Zovko reacts on the upcoming plenary session, from the Portuguese Presidency to a resolution on the earthquakes in Croatia

Brussels, 15 January 2021

The members of the European Parliament will meet next week for the first plenary session of the year. On the agenda are discussions and votes on reports such as on the EU’s common foreign and security policies as well as on a resolution on the consequences of the earthquake in Croatia. In addition, members will hold a debate on the start of the Portuguese Presidency of the Council of the European Union.

With the annual reports on the common foreign and security policy (CFSP) and the common security and defence policy (CSDP) members assess the impact of global developments on the EU. This year, the two reports also take stock of the consequences of the Covid-19 pandemic on the geopolitical dynamics. “The peace and security situation in the EU’s neighbourhood has been challenged throughout last year. The European Union needs to improve its strategic autonomy and apply an active foreign policy.” said Željana Zovko, Vice Chair of the Foreign Affairs Committee. In her amendments, Zovko underlined the need for improved transatlantic cooperation and referred to the EU’s unequivocal support for the European perspective of the Western Balkan countries, as the Member States reaffirmed in the Zagreb Declaration of 6 May 2020.

After a statement of the Commission and a plenary debate, MEPs will vote next week on a resolution on mitigating the consequences of the earthquake in Croatia. The draft motion for the resolution is created by joint effort of Croatian members across political groups. Zovko, who also contributed to this resolution, welcomes the preparedness of the European Parliament to discuss the impact of this tragic event. “The upcoming debate is a strong sign of support to the Croatian people. Croatia could already count on aid from several European Member States. This token of solidarity clearly shows the benefits of being part of the European Union. In case of natural disasters, rapid assistance between participating countries is coordinated via the EU civil protection mechanism. The same European instrument also played a major role for the distribution of medical equipment to fight the Covid-19 virus.” Zovko stated. For the last years, Zovko has been active in promoting the EU civil protection mechanism on which she worked in the previous mandate as a rapporteur for the Committee on Development. In this light, she tabled last year a resolution to establish a European day on fire safety as a resolution that would initiate one of the key aspects of the improved mechanism, namely prevention and preparedness for disasters.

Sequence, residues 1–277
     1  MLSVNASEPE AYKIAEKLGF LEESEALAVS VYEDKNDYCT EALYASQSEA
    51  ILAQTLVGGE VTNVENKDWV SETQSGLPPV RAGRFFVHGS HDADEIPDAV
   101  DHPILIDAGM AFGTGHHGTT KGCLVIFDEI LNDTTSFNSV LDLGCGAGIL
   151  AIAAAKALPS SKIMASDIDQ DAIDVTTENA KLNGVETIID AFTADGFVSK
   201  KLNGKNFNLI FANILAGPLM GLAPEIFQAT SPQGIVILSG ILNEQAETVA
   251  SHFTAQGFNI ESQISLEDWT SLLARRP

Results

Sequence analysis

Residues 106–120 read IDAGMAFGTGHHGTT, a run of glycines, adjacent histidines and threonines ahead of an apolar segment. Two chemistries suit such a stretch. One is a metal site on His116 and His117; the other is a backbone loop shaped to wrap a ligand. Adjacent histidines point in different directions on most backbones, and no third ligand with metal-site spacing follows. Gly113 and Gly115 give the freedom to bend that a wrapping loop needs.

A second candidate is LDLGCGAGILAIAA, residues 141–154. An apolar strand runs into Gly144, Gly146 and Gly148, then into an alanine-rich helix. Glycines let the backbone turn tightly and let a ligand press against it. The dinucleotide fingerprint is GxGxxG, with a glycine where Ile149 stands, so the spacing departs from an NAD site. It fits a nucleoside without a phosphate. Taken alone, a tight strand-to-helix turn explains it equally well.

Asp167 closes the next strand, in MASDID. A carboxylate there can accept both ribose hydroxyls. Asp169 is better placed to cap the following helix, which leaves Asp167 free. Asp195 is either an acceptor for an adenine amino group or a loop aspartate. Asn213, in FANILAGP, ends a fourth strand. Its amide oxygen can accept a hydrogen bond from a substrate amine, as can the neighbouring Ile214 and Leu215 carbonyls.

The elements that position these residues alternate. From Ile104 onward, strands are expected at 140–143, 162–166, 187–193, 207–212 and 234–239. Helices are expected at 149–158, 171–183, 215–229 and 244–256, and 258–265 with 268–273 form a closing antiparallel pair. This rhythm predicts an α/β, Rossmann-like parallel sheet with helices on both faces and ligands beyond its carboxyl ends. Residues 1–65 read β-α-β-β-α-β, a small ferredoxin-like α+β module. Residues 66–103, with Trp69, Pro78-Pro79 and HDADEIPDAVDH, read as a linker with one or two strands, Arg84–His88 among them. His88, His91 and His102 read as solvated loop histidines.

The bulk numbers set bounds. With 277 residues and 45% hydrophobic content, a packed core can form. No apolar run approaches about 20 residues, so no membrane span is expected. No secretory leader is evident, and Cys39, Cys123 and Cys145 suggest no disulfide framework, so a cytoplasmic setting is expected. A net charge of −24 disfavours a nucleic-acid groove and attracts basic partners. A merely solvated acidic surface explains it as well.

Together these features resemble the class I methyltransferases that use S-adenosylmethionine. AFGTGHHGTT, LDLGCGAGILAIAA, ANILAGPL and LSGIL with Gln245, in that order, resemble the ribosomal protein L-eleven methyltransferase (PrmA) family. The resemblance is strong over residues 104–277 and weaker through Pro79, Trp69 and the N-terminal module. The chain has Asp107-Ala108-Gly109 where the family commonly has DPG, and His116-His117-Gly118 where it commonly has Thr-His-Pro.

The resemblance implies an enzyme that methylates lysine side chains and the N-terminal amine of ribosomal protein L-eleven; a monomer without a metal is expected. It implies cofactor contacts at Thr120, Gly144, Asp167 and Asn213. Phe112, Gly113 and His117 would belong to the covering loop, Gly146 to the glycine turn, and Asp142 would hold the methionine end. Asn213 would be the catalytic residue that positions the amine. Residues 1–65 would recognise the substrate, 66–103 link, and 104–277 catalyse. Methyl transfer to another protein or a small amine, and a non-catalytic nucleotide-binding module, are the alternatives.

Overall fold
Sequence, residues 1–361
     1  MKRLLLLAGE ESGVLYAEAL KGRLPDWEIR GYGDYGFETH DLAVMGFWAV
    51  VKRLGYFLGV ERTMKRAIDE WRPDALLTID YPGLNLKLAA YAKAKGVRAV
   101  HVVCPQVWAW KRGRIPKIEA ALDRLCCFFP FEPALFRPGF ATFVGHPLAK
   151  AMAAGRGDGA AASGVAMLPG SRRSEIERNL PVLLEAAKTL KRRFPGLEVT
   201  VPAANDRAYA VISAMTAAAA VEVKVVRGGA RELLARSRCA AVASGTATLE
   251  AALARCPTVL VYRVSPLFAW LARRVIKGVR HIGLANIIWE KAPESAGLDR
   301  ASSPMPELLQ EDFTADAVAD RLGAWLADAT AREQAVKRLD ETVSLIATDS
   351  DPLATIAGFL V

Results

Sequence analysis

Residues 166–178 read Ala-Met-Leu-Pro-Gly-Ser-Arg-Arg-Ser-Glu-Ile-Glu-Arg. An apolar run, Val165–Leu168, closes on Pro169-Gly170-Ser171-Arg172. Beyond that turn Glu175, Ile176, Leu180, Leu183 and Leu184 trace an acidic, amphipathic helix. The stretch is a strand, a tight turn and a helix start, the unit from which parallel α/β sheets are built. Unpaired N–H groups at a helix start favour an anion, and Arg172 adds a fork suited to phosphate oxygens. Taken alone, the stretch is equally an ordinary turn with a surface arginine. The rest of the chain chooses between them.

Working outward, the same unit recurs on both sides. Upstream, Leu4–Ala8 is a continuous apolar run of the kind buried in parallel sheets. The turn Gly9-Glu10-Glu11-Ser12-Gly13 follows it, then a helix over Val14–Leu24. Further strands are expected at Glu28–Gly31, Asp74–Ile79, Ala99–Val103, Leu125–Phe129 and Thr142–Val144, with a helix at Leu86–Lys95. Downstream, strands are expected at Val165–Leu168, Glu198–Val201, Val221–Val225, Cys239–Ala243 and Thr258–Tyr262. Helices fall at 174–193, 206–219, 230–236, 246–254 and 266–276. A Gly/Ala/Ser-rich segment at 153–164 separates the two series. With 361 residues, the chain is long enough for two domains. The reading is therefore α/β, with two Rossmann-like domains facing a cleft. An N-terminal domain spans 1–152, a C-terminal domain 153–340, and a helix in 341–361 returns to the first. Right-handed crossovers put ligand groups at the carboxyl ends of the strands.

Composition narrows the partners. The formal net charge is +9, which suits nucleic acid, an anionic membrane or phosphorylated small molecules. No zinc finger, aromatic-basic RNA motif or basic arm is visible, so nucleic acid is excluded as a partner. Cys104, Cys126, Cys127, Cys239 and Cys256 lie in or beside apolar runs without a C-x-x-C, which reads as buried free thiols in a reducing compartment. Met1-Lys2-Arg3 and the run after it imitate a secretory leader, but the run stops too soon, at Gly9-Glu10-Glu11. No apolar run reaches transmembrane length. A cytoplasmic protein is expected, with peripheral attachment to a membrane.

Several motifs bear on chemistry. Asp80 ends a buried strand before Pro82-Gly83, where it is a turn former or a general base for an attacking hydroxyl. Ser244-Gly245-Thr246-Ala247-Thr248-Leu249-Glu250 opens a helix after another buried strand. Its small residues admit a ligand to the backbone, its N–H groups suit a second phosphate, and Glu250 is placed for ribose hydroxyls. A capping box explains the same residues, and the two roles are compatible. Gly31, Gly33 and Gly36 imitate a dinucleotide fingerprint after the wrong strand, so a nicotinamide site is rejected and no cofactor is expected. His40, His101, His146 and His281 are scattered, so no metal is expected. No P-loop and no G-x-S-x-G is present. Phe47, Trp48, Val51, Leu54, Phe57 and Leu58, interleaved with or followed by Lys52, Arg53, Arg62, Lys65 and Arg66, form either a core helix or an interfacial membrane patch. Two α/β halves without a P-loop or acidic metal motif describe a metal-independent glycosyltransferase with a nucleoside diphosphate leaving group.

A year after the start of the Croatian Presidency, the Council of the European, will now be chaired by Portugal. Together with the Portuguese Prime Minister, Members of the European Parliament will discuss the presidency’s programme. One of the priorities is the recovery of the crisis and the vaccination of the European citizens. Next to the work on the EU’s resilience, Portugal will also focus on the implementation of the Green Deal and the EU’s digital agenda. Regarding foreign policy, Zovko underlined that “Since Portugal will hold the first Presidency with the UK as a fully-fledged third country, we need to build a balanced and fair future partnership between the EU and the United Kingdom. Furthermore, the new presidency has to build on the progress made by the Croatian and the German presidency in the EU relations with the Western Balkans.”

The plenary agenda also includes a debate and vote on the report on achieving an effective policy legacy for the European Year of Cultural Heritage. “While the year of cultural heritage took place in 2018, it is still a valuable exercise to look at the lessons learned and create a lasting effective policy for the promotion and preservation of cultural heritage.” Zovko stated. As member of the Committee of Culture and Education, she emphasised the value of cultural heritage to our society. “The economic contribution of well-preserved cultural heritage should not be underestimated. Croatia has a rich cultural heritage that attracts millions of tourists every year. Moreover, it tells a lot about our history, traditions and identity. This source of collective memory has to be cherished and promoted at local, national and European level.” Zovko concluded.

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